The Duchess

I didn’t get around to seeing this at the cinema so was really looking forward to watching this when it came out on DVD. The Duchess has been surrounded by controversy given that Lady Diana Spencer, more commonly known as Princess Diana, was the descendant of the woman whose life the film is based on – Georgiana Spencer. The strapline used for the film, “there were three people in her marriage” echoes things which have been said about Lady Diana and her relationship with Prince Charles, which may or may not have been marred by his feelings for Camilla Parker-Bowles. Anyway, on with the film.

Controversy or not, I looked forward to this film because I enjoy history, period dramas and stately homes. The basic plot is thus: Georgiana Spencer (Keira Knightley) became Duchess of Devonshire on her marriage to the Duke (Ralph Fiennes). However, she soon realised that she’d married an incredibly cold man who only wanted her to provide him with a son and heir. He had no real interest in her at all. So Georgiana threw herself into her interests, fashion and politics, and despite her disappointing marriage she became a darling of the public, charming all those who met her. On befriending Lady Bess Foster, Georgiana is much happier; Bess is having a hard time with her husband and ends up moving in with the Devonshires. Things take a turn for the worse, however, when Georgiana discovers that her husband is having an affair with Bess. The film follows events to a gentle conclusion.

Overall, this film was a disappointment. I know it’s based on true life so it would have to follow the real chain of events to some extent. For this reason, I was expecting much better of it. The plot itself is very dramatic and brings out in the viewer a great deal of sympathy for Georgiana. However, The Duchess lacked passion. For saying that Georgiana hid her woes behind a brave face at political rallies and fashion parades, Keira Knightley portrays a rather mild-mannered version of Georgiana. Rather than being elated when socialising and depressed when faced with reality at home, she is fairly constant all the way through. This is true of many other characters, not least Bess Foster, the Duke of Devonshire and Charles Grey (Dominic Cooper – of Mamma Mia fame. Everyone just seemed rather mediocre – even at the moments when you would expect the height of passion, it just wasn’t there which made it difficult to feel really involved in the film and fully enjoy it.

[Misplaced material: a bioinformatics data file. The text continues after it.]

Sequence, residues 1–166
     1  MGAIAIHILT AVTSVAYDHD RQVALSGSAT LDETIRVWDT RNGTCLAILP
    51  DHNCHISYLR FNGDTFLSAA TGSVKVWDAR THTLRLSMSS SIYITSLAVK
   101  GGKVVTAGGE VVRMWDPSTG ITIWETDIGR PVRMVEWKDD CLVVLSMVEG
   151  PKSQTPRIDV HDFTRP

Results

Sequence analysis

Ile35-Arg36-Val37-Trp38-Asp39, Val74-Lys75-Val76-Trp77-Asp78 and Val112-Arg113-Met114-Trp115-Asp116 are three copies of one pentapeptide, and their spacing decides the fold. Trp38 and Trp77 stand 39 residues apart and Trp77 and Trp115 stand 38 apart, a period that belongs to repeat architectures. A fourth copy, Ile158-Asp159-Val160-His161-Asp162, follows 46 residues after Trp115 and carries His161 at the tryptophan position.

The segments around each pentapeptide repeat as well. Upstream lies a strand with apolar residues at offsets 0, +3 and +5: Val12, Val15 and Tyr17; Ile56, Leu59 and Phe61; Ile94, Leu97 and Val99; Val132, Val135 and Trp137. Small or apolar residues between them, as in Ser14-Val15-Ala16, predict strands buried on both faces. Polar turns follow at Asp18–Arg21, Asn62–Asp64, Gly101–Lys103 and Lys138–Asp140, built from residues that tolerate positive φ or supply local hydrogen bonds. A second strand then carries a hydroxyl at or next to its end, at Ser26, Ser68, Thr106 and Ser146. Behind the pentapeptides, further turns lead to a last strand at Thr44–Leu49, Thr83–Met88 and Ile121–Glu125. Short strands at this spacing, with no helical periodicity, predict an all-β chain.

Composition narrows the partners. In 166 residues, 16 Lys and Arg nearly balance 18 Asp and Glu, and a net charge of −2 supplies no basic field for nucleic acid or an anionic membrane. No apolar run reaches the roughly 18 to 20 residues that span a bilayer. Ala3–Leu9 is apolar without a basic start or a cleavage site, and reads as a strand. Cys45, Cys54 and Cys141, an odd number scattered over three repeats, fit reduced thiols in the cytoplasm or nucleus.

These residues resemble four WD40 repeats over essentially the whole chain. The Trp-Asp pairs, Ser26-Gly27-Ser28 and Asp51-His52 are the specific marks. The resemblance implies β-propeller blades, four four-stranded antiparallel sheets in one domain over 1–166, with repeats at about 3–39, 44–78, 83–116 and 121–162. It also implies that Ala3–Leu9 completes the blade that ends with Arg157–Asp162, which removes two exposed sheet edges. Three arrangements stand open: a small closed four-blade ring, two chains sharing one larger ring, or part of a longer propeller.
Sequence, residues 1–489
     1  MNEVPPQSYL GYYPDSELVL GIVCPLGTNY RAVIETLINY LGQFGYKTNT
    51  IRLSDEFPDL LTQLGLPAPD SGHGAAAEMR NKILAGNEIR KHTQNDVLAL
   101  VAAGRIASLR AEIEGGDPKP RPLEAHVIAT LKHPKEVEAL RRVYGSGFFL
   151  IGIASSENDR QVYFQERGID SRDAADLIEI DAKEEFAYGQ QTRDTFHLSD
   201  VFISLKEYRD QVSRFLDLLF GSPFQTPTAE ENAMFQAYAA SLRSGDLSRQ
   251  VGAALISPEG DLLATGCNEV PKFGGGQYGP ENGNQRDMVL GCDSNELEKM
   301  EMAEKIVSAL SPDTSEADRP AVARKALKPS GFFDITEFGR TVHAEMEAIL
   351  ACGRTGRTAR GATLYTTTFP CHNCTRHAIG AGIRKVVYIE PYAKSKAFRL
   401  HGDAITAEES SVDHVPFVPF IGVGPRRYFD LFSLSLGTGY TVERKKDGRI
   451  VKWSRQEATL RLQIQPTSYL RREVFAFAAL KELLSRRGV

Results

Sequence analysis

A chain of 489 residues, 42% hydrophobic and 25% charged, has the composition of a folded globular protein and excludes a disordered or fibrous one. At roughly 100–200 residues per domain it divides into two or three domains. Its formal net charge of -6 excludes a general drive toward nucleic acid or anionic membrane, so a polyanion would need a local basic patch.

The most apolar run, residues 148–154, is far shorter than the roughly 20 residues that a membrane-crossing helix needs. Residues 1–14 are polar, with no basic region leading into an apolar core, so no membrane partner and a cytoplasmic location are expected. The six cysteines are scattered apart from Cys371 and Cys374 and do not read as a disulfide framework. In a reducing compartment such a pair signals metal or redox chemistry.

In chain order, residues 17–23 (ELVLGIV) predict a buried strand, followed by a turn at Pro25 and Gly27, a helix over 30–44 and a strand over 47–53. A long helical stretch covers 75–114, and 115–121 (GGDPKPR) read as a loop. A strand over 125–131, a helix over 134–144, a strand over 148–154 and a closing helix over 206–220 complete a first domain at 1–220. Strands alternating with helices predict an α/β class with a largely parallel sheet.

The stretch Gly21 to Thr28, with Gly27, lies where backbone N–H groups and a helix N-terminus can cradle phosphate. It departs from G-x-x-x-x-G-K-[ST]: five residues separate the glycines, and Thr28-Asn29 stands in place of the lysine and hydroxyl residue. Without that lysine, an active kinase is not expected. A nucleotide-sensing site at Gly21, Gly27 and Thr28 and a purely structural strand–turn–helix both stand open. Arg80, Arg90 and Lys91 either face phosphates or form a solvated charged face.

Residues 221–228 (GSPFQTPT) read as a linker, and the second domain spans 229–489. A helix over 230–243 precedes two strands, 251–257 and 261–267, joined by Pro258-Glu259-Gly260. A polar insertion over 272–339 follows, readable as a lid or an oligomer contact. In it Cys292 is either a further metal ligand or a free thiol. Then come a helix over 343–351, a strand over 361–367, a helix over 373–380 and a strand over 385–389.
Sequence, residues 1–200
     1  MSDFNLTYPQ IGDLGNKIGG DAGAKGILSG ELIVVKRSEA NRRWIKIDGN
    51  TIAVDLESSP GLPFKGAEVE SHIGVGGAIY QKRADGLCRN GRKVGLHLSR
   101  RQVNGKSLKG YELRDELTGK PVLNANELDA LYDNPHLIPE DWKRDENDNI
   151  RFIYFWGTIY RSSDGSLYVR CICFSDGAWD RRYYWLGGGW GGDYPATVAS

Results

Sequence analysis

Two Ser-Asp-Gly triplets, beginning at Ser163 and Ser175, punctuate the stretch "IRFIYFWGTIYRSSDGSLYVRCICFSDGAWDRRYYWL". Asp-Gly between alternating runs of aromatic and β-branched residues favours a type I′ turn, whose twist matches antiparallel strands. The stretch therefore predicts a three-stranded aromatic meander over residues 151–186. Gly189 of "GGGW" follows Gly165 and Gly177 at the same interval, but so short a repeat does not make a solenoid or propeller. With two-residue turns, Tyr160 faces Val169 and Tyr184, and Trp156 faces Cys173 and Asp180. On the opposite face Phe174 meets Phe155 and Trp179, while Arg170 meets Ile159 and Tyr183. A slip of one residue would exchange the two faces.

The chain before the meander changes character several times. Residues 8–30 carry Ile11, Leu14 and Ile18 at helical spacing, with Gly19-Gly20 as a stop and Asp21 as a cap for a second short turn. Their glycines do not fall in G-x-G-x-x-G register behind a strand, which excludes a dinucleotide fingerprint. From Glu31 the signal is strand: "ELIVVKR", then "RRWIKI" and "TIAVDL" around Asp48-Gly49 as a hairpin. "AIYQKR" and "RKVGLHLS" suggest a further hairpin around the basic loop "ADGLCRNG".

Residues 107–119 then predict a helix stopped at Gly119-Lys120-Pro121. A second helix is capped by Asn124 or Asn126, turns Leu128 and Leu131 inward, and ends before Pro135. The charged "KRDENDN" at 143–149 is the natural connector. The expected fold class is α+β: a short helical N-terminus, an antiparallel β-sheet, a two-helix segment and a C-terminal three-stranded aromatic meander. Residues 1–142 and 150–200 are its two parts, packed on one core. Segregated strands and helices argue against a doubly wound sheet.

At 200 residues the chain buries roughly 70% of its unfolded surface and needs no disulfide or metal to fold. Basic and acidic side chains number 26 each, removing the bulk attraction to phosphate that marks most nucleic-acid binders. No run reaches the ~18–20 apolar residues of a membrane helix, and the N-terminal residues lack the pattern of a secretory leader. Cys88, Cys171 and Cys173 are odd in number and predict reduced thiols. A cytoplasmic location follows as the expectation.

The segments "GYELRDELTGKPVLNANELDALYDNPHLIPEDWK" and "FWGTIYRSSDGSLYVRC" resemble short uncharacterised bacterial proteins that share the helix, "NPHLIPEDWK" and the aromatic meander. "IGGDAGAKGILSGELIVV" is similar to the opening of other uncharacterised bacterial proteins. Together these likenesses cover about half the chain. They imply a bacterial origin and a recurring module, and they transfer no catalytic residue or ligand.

Also, I was disappointed with regards the stately homes. On visiting both Chatsworth House and Kedleston Hall round the time of the releases of the book and film, they were making a huge splash about being featured in the film – and yet they weren’t heavily shown. There was the occasional scene where the outsides of Kedleston and Chatsworth were shown, but not much. As a great deal of fuss was made about the floor of Kedleston Hall’s ballroom being looked after during filming, in the film it really wasn’t that big a deal. All of the focus was on Keira Knightley. The film did seem like an excuse for us to watch her pout and look sad. Other than that, there really was nothing remarkable about this. I will be interested to read the book now and search for the passion which I’m sure must have been there in the real life situation all those years ago.

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